Compassion and empathy are two traits people should strive for in today’s world, Steven Hunter W’91, CMA’95 told Culver students during a special question-and-answer session conducted during the Dr. Martin Luther King Day all-school session on Monday.
Hunter, a partner with the law firm Quarles & Brady, said compassion and empathy are overlooked traits. But people who exhibit a high “emotional quotient” will likely be more successful than those with a high intelligence quotient.
He gave the students an example from his Culver days. One of his friends was successful in everything he did. “But he had a way of bringing everyone else along,” Hunter said. By lifting those around him up, he became more successful. No matter what the task.
Likewise, Culver instructor Candace Koehn always demanded excellence from her students. But she was also the “most welcoming” person he knew. “She was the best thing that ever happened to me,” Hunter said.
When you are compassionate, Hunter said, it leads you to other compassionate people. And reaching out and making “legitimate” friendships with people you don’t have things in common with adds “depth and breadth” to your personal experience.
Hunter said, he worked hard to maintain his academic class rank, but graduated with a military rank of lance corporal. From that experience, he learned that some leadership roles are assigned and others are given.
“You develop your own path to leadership,” he said. Do the best with the role you have been given. He was eventually elected vice president of the senior class.
Coming from the conservative Midwest and the structured environment of Culver during the mid-1990s, Hunter said he was not prepared for all the social changes he faced when he went to Brown University. “I was assuming everyone was coming from the same place I was.”
The diversity of lifestyles and thought took him by surprise. While he considered himself smart, he quickly discovered everyone at Brown was smart. His dorm had gender-inclusive bathrooms, men and women lived on the same floor of the dorm, and some of the counselors were openly gay.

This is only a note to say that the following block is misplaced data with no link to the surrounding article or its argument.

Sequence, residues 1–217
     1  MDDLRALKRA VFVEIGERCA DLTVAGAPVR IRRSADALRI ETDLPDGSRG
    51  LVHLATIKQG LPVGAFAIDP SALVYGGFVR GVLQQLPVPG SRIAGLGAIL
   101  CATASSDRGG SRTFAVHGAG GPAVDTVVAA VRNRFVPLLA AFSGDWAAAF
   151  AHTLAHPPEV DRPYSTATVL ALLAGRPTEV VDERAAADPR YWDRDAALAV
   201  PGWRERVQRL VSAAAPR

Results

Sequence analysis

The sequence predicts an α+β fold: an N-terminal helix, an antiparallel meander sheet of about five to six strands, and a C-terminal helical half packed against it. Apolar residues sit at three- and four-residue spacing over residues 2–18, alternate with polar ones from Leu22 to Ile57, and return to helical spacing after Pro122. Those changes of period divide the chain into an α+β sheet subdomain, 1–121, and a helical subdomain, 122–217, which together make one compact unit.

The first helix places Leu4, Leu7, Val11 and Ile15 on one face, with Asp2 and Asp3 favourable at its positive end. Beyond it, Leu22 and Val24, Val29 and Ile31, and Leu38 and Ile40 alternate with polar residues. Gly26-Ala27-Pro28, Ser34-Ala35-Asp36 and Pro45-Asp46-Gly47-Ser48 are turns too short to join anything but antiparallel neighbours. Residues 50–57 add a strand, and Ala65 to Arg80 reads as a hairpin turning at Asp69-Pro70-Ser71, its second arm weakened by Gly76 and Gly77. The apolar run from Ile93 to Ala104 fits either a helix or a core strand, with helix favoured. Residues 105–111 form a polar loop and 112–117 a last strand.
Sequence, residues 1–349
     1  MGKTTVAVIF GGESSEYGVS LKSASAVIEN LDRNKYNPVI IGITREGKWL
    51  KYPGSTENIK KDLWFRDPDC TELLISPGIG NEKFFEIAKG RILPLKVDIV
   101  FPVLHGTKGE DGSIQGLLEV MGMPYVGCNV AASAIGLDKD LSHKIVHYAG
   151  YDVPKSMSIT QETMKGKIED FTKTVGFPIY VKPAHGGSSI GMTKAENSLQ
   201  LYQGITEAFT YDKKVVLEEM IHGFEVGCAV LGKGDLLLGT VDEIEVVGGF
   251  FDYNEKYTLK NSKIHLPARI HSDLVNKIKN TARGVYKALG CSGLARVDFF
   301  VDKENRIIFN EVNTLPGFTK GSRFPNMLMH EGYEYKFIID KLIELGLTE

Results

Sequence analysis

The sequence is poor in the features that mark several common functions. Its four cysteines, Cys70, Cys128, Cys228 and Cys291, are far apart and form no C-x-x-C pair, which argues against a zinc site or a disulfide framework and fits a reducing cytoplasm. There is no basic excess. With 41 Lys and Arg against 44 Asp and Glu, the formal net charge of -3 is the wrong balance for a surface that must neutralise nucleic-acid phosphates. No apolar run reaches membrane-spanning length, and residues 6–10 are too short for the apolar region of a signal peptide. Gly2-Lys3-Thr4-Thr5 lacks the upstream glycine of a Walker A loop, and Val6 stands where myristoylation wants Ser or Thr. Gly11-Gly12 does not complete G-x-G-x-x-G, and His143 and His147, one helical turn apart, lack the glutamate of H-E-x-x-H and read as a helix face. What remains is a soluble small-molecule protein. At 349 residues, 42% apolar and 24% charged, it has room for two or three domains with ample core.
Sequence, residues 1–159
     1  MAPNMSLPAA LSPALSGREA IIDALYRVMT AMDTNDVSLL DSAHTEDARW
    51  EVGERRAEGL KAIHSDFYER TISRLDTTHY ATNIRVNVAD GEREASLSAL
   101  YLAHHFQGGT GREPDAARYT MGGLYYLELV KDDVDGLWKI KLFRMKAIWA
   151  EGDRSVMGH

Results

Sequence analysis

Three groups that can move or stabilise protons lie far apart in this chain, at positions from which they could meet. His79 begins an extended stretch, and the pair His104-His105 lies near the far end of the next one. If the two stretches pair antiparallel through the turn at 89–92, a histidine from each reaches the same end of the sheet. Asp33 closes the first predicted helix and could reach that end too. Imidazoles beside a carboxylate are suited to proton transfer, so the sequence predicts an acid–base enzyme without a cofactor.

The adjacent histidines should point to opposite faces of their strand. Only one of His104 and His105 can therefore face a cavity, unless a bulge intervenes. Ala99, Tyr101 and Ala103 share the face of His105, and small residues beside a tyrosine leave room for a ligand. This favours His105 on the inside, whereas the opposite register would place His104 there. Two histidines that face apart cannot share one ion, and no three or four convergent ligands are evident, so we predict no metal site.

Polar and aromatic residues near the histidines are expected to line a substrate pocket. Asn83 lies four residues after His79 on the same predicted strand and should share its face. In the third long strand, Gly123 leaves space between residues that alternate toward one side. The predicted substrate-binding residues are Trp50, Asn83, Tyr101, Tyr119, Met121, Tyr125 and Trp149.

Diversity calls for everyone to have a “richer understanding of all human beings.” Matching hate with hate will not accomplish that. But as Dr. King noted, matching hate with love is how change will occur. “It’s completely counter-intuitive,” Hunter said, but that is how acceptance will be accomplished.
The struggles faced by his mother and her contemporaries taught him about humanity. Even though they were college-educated, they were not encouraged to pursue positions in their field of study. She held a principal license, but she was originally only offered office assistant positions. He learned that “you must introduce others to your humanity.” That we are more alike than we are different.
Professionally, Hunter was named one of 56 professionals named to the list of Notable Minorities in Accounting, Consulting & Law by Crain’s Chicago Business. He handles cases for financial institutions, design professionals, athletes and entertainers. He is currently a partner at Quarles & Brady in Chicago and is the co-chair of the firm’s national diversity committee.